Raymond James Investment Services estimates that US$100bn of the test, inspection and certification market is outsourced to service providers. The other US$150bn is shared by in-house companies (quality assurance functions) and governments providing similar services. With this significant proportion of outsourcing, it’s worth looking more closely at recent mergers and acquisitions (M&A) in the test, inspection and certification sector to uncover the reasons behind its growth.
M&A in the test, inspection and certification sector
Over the past 20 years, we’ve seen some significant M&A from service providers. Europe in particular is a dominant location for M&A in the test, inspection and certification market. Over the last decade 48% of the targets acquired were situated in Europe (Capitalmind). Many of the buyers who acquired a business in North America, the second largest region at 34%, are also headquartered in Europe. However, that was not the case recently, when USA-based Goldman Sachs acquired Lloyd’s Register’s test, inspection and certification services (‘LRQA’ as it will be once again known), leaving Lloyd’s Register to focus on the maritime sector.
What is driving test, inspection and certification acquisition?
While M&A activity in the test, inspection and certification world has often been about growth in a fragmented sector, some new and interesting strategic drivers for acquisition are emerging.
Environmental, social and governance (ESG) factors are becoming more important in acquisition. The statement from Goldman Sachs highlights this: “We are excited by LRQA’s strong ESG capabilities and the important role the company plays supporting clients managing their sustainable growth path.”
This year, sustainable quality is proving to be a priority for many, with several campaigns focusing on the topic:
Indeed, Raymond James takes the view that test, inspection and certification companies surprisingly agree on the changes that need to be made regarding the shift to ESG in business. Moreover, test, inspection and certification service providers such as Bureau Veritas, DNV and SGS are keen to show links between their offerings and the people and planet agenda.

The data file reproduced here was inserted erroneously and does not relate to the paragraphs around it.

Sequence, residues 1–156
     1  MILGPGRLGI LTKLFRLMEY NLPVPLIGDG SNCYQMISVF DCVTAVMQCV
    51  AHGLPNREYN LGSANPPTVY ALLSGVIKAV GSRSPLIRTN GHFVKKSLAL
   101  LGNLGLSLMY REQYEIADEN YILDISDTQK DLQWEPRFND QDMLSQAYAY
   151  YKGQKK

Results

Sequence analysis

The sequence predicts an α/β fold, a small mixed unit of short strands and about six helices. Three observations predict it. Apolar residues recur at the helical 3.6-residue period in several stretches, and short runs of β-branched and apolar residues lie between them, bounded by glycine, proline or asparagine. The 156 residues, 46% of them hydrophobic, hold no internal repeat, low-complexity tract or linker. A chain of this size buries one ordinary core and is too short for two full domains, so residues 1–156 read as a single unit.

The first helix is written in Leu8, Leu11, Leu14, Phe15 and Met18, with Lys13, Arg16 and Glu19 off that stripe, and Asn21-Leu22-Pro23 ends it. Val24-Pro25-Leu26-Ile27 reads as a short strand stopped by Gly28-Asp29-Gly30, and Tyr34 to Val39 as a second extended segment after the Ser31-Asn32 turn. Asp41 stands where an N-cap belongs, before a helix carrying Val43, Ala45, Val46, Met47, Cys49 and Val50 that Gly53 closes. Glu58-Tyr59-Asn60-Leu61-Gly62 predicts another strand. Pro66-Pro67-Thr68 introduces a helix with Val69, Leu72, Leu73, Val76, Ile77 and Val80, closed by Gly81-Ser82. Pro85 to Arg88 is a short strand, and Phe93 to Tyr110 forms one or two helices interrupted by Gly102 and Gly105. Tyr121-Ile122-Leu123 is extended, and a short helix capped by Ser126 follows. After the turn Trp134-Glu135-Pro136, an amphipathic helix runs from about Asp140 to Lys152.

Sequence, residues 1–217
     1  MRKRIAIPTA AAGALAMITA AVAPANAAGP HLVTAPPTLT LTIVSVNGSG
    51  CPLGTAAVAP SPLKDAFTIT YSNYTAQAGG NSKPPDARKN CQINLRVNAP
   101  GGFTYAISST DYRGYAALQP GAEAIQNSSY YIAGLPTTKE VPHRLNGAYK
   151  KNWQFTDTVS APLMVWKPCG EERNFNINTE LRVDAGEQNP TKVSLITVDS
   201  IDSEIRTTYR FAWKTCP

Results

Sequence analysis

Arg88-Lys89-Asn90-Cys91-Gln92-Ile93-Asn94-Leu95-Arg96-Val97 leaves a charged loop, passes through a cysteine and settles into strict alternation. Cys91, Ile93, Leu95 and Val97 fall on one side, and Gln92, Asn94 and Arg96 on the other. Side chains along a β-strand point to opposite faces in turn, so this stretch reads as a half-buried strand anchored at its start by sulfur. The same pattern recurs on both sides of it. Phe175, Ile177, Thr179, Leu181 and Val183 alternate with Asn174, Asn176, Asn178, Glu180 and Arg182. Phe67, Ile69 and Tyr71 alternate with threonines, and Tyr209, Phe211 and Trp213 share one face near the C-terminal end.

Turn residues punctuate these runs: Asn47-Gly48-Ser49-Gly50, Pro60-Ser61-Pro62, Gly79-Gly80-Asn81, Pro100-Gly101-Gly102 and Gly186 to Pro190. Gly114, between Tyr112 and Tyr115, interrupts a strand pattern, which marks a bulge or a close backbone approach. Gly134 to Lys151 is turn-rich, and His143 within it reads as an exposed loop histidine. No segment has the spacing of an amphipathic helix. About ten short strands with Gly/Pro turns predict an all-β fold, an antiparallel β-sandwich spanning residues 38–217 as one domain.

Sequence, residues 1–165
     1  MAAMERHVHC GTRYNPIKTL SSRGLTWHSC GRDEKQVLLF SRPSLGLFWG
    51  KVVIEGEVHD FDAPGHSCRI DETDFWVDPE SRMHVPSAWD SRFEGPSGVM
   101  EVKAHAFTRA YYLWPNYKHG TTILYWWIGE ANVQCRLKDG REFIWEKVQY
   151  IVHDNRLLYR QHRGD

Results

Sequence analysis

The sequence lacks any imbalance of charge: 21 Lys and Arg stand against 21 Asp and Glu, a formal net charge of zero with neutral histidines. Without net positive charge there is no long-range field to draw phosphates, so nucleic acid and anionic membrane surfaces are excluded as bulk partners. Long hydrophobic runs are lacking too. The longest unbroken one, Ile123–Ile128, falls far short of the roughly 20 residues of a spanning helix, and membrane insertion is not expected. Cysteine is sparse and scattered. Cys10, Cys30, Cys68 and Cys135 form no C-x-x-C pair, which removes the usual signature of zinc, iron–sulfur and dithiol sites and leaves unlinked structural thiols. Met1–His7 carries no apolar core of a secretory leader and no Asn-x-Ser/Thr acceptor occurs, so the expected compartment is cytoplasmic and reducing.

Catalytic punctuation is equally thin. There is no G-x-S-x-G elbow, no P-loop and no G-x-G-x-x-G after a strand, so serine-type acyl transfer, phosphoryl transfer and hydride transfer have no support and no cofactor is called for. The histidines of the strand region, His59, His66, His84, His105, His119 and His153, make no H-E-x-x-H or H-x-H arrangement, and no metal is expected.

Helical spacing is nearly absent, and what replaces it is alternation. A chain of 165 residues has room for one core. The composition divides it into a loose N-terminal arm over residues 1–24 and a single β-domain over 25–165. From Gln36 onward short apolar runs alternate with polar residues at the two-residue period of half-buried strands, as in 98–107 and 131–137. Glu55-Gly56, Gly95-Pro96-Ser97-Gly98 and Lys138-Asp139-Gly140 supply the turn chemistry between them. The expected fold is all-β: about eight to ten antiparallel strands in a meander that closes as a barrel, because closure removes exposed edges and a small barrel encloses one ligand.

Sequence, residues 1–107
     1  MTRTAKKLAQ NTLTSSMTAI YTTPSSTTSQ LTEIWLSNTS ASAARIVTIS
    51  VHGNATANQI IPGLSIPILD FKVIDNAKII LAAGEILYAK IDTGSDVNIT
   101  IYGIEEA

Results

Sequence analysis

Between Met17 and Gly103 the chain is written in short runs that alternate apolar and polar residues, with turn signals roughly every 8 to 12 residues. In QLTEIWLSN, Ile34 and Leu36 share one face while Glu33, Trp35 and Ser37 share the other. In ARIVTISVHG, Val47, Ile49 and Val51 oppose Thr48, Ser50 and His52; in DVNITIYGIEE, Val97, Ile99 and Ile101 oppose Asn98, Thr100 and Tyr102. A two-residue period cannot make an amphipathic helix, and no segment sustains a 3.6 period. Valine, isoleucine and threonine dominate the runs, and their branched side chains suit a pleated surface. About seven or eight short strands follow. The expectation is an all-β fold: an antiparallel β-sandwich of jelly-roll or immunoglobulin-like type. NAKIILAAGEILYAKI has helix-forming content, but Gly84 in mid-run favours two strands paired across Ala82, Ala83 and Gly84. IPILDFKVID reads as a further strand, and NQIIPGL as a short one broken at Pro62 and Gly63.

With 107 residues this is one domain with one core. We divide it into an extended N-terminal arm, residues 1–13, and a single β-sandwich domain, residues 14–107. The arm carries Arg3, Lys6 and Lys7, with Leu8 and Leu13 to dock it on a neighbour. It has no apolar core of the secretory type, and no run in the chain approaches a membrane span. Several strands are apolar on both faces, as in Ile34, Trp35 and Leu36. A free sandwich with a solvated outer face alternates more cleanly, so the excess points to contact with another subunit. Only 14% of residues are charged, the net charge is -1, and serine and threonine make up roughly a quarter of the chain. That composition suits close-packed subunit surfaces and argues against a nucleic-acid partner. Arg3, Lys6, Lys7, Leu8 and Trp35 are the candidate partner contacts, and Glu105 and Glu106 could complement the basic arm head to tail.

Paul Butcher, LRQA CEO, said the Goldman Sachs acquisition “will provide the additional focus we need to accelerate our ambition of becoming a leading digitally enabled assurance provider, at a time when our customers face an increasingly challenging operating landscape.”
A 2018 BCG report estimated that over the next decade, digital technologies will affect approximately 40% to 60% of the current test, inspection and certification market. The early findings from the CQI’s Quality 4.0 research show that there are opportunities but also difficulties in developing systems of digital assurance that connect across value chains. We will undoubtedly see the big test, inspection and certification players expanding their technological and digital capabilities in the near future.
Nation states are again looking at how voluntary test, inspection and certification can support both regulation and competitiveness. Examples include:
- The USA Food and Drug Administration’s 2019 strategy for the safety of imported food, which embraces mutual recognition of other regulatory regimes, sector schemes and test, inspection and certification offerings
- The UK Government’s White Paper on Regulation for the 4th Industrial Revolution, which recognises the role of voluntary standards in getting innovation to market safely and quickly.
What do these developments mean for the rest of us?
- Quality assurance functions – US$150bn of the market is still performed in-house by company quality assurance functions and regulators. The same digital assurance technologies that test, inspection and certification firms want to implement will be available directly to industry and sector schemes to manage complex value chains. The Enfit Bulkvision scheme springs to mind, as featured in the Spring 2021 edition of Quality World.
- Management systems standards writers – if performance evaluation moved away from traditional internal process and product audit, then Annex SL – the framework for all flavours of management system – may well need a rethink
- Auditors – the accreditation sector should become more important in delivering trust and confidence to support regulation. It will also be key as consumers demand more transparency from supply chains and the businesses from which they buy. However, the accreditation sector will also need to adapt to respond to digitally enabled ‘Assurance 4.0’. If we consider a time when 80% of the fieldwork currently done by third party assessors is automated, the world will need new system and data interpretation skills.
We are some way off from automated digital assurance, but, if investors are any indication, that is the direction of travel. The BCG report suggested that “Traditional TIC [test, inspection and certification] players are getting more and more competition from start-up and incumbent TIC companies with a digital focus.”
Perhaps it is time for me to get my own TIC-tech start up going…